Jenny Singer is a staff writer for Glamour.

Tiffani Thiessen Talks About Her Iconic Characters and Working with Woody Allen

In March 2016 at 8:31 p.m. I tweeted the following: “I really really wish I were friends with Tiffani Thiessen.” I have no idea what made me put that out into the world at that very moment, but I can tell you it’s totally true. I feel like there are few people on TV I can truly say I’ve grown up watching and still care about, and Tifffani’s one of them. I’ve always just gotten a good vibe from her and was curious to talk about what it’s like playing two iconic roles—Kelly Kapowski on Saved by the Bell and Valerie Malone on Beverly Hills, 90210. was also excited to hear about her new role on the charming Netflix show Alexa & Katie.

Before our chat, we spoke on the phone to go over what outfit she’d be talking about and I was surprised by her pick. Tiffani wanted to talk about what she wore to a red carpet premiere that she described as a fairytale—it was for her first big movie, Hollywood Ending, and she was handpicked to be in the film by Woody Allen. This gave me pause—the filmmaker has been accused by his adopted daughter Dylan Farrow of sexual abuse, which Allen has denied.

Tiffani was dressed by Giorgio Armani himself for her first Cannes film festival to promote 2002’s Hollywood Ending.

J. Vespa

Since the accusation, several stars have vowed not to work with him. For Tiffani Thiessen, though, the moment in question was more about going from being a TV star in teen shows to having a legitimate movie star moment—listen to her describe walking the iconic red Cannes stairs—and being dressed by one of the most well-known designers in the world, Georgio Armani to promote Hollywood Ending in France and in New York.

Also in Armani for the New York premiere of Hollywood Ending in 2002.

Ron Galella

We also talked about what Tiffani bought herself when she realized she was actually making some real money (she admitted she was at the Gucci store a lot in the ’90s), how her style has changed after becoming a mom to two kids, what it was like going through puberty on national television, Valerie Malone’s combat boots, and how we have her to thank for that weird ’90s trend in which we left our top jeans button undone.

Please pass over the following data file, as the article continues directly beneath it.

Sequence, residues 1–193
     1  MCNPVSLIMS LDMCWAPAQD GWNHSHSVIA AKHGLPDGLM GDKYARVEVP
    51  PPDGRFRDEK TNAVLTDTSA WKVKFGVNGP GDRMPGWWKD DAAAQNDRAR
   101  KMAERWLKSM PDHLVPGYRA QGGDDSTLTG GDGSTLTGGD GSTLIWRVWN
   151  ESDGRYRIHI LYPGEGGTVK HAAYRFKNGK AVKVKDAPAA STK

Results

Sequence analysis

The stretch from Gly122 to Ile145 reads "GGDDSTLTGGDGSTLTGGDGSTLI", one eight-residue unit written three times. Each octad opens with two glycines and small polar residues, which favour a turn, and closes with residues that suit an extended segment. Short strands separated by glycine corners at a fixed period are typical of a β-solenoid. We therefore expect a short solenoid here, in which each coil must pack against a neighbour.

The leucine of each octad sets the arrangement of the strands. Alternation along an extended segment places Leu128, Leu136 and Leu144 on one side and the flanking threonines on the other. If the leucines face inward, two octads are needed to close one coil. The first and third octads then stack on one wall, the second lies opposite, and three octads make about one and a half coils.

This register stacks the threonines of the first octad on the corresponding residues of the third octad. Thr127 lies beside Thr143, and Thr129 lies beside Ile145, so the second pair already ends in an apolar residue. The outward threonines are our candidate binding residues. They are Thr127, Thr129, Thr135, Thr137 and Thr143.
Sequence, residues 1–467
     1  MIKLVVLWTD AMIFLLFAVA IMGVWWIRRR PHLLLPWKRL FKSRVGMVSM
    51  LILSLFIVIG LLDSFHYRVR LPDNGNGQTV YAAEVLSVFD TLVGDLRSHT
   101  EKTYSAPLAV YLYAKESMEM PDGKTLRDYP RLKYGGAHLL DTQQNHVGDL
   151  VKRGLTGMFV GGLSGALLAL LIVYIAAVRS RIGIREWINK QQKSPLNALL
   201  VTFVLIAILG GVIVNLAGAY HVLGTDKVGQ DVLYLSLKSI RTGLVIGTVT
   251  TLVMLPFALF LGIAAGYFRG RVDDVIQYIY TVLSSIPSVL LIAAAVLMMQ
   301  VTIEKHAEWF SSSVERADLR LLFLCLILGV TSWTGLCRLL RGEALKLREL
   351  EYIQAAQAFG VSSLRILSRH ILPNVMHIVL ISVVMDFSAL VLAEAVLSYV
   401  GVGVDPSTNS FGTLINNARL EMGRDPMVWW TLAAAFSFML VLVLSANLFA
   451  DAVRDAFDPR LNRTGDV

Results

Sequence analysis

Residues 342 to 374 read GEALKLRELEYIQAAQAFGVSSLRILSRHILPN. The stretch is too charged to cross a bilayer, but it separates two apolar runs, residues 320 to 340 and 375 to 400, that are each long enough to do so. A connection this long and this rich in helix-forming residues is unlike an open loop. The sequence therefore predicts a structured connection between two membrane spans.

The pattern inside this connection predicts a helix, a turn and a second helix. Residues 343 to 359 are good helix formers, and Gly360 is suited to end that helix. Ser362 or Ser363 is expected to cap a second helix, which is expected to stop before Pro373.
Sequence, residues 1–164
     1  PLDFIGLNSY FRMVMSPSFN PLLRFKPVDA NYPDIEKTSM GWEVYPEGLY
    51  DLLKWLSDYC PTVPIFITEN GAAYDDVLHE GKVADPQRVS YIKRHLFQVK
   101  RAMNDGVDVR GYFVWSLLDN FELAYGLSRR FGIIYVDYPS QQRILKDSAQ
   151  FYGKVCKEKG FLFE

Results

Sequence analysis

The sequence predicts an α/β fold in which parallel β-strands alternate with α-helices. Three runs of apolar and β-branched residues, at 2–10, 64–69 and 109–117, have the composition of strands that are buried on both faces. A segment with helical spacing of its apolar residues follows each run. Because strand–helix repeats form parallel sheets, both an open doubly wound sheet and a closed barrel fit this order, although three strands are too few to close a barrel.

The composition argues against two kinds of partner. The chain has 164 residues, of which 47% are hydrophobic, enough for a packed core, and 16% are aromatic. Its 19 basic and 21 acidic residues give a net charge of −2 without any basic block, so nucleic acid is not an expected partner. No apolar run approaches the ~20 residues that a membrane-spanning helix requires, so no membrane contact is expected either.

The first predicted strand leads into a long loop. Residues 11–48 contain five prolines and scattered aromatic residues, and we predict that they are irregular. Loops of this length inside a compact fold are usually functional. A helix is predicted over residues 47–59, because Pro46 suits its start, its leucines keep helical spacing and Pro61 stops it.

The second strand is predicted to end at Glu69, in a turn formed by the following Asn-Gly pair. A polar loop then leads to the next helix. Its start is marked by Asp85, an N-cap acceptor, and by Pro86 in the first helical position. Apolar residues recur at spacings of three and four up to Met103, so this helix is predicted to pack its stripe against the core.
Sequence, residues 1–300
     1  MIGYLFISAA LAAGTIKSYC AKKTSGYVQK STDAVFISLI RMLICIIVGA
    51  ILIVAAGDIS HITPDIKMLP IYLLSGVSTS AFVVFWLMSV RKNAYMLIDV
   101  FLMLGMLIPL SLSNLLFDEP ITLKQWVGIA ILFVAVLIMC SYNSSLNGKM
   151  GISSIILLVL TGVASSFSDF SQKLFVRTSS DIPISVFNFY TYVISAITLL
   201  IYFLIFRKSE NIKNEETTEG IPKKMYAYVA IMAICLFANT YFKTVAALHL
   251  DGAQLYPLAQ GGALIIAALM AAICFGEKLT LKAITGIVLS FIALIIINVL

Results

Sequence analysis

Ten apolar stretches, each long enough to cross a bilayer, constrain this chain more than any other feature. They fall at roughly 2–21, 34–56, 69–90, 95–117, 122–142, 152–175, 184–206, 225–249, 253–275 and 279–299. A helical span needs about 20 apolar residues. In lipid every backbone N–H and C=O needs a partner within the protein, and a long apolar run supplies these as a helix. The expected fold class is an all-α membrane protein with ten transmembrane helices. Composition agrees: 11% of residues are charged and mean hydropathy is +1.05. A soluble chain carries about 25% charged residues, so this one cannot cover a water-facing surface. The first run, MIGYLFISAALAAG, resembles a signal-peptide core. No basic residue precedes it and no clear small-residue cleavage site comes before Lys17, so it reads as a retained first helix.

Here’s the episode!

Follow host Perrie Samotin on Instagram @perriesamotin, guest Tiffani Thiessen at @tiffanithiessen, and subscribe to What I Wore When on Apple Podcasts or where ever you listen to your favorite shows.

The Best Gifts for Runners, All Approved By Someone Who’s Run All the Miles

The best gifts for runners probably aren’t as obvious as you think. Running shoes come to mind, for example, but unless you know the exact brand, style, and size your runner prefers, you’re going to strike out. (Many runners are more loyal to their running shoes than they are to their families.) You should also steer clear of the mysterious running gadgets that are tempting you from the racks by the register. Instead, consider the actual best gifts for runners below, which all have been vetted and tested by a longtime runner. (Me.)

All products featured on Glamour are independently selected by our editors. However, when you buy something through our retail links, we may earn an affiliate commission.

A Sober Holiday Season Doesn’t Have to Be Boring

Then came a real test: a season soaked with social stress and opportunities to take the edge off with a mug of mulled wine. “I felt like something was missing without drinking and I had a lot of despair, thinking it would always be that way,” McKowen says.

As hard as it was, the experience of having a sober holiday season was still hugely empowering for McKowen—as it was for me. When I woke up the next morning having survived my first sober Christmas Day for more than 20 years, I felt an overwhelming sense of pride, as well as an even stronger belief in my choice. “I realized how much I’d been missing and how alcohol made an already tricky season even more so,” McKowen says. “By the time my second sober holiday season came around, it was a totally different experience. I love the holidays now. They are a lot simpler and focused on the things we want the holidays to be about: gratitude, reflection, community.”